In “The Method of Narration”, Stanley Boardman writes:
Having got the right atmosphere, there are perhaps two dangers against which we must guard in narration. The first is a relic of the past. When we see a child groping his way along, struggling with the eternal question, “What comes next?” we feel we must help in some manner. We feel we must interpolate a question, we feel we must tell him—once again we are tempted to do the work ourselves. Perhaps there may be occasions when a word in season might be of help, as in the case when a child has come across an unfamiliar name, but in the main I think we ought not to interfere in the child’s narration. A discussion afterwards will possibly clear up any difficulties. This is the place for the “oral” work. The second danger I see comes when we are over anxious. Knowing the value of narration we become very anxious that the child shall narrate well, and it has occurred to me that in some subtle way this anxiety is communicated to the child. I may be wrong. But I do feel that an anxious teacher makes an anxious and disturbed child, and an anxious and disturbed child is not himself, is not behind his own actions. I said we were not to help the child, but perhaps there are one or two ways we might do so. This is one. Let us help by keeping pure and unspotted our faith in the child’s ability to perform a natural act. (pp. 469-475)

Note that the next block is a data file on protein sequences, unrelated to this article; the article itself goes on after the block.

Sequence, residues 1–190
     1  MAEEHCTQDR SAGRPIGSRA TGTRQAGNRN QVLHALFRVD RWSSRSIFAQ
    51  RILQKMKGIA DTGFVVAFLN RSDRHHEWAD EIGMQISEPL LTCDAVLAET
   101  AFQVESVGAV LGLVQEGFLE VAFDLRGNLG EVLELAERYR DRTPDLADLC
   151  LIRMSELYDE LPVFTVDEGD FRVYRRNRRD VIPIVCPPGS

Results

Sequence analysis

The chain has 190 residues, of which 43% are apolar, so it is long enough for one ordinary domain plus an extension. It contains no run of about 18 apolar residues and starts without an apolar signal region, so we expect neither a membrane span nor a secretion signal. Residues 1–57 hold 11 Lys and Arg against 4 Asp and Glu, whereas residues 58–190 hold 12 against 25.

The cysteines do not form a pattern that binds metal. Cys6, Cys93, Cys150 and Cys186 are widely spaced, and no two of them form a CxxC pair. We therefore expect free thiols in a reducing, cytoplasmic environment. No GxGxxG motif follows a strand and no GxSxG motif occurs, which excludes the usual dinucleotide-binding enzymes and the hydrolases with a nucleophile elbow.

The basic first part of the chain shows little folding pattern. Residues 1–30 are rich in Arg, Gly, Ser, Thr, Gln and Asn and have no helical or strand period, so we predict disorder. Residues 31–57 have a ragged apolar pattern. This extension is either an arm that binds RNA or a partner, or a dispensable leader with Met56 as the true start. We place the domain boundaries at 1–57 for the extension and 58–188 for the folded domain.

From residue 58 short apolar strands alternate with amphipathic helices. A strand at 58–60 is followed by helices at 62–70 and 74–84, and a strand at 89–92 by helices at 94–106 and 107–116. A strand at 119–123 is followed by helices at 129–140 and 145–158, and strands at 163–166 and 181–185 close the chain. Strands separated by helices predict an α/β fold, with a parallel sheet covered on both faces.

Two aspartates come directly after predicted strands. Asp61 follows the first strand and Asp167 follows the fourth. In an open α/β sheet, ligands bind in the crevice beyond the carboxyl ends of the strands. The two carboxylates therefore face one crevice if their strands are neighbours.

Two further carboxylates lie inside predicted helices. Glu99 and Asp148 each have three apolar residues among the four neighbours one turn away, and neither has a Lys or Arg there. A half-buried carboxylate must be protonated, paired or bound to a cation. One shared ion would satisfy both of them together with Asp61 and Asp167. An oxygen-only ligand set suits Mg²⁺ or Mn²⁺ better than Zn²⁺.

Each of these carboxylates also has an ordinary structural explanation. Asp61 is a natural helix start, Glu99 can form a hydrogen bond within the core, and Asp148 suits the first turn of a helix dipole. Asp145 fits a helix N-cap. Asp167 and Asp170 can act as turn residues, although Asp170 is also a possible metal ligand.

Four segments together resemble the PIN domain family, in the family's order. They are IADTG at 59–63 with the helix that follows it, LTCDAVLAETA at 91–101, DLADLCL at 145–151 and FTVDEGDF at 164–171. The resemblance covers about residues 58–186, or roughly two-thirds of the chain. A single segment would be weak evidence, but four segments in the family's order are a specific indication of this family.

Formal narrations do not begin until at least age six. For the purposes of this curriculum, they will not look very much different from the informal narrations just described. Year One is the only year of the early years in which narrations will be just slightly more expected. Absolutely, give your child more time if you feel they need it. Formal narrations can begin in Year Two just as well, especially if informal narrations are still being encouraged and supported.
Give children multiple ways to express themselves. Narrations should vary and should not be in the form of oral retellings only, although this is the primary method for these ages. If they don’t feel like sharing, then let them express their thoughts through art, drama and other methods. Helen E. Wix shares some variations to narration in her Parents’ Review article “Some Thoughts on Narration”. She writes “But is narration, even at this age, always merely ‘telling back’” (Wix pp. 61-63)?
It must be, we know, the child’s answer to “What comes next?” It can be acted, with good speaking parts and plenty of criticism from actors and onlookers; nothing may be added or left out. Map drawing can be an excellent narration, or, maybe, clay modeling will supply the means to answer that question, or paper and poster paints, or chalks, even a paper model with scissors and paste pot. Always, however, there should be talk as well, the answer expressed in words; that is, the picture painted, the clay model, etc., will be described and fully described, because, with few exceptions, only words are really satisfying. (Wix pp. 61-63)
We also find suggestions from Charlotte Mason, who writes “For children under nine, the question of composition resolves itself into that of narration, varied by some such simple exercise as to write a part and narrate a part, or write the whole account of a walk they have taken, a lesson they have studied, or of some simple matter that they know” (Mason, Home Education 247).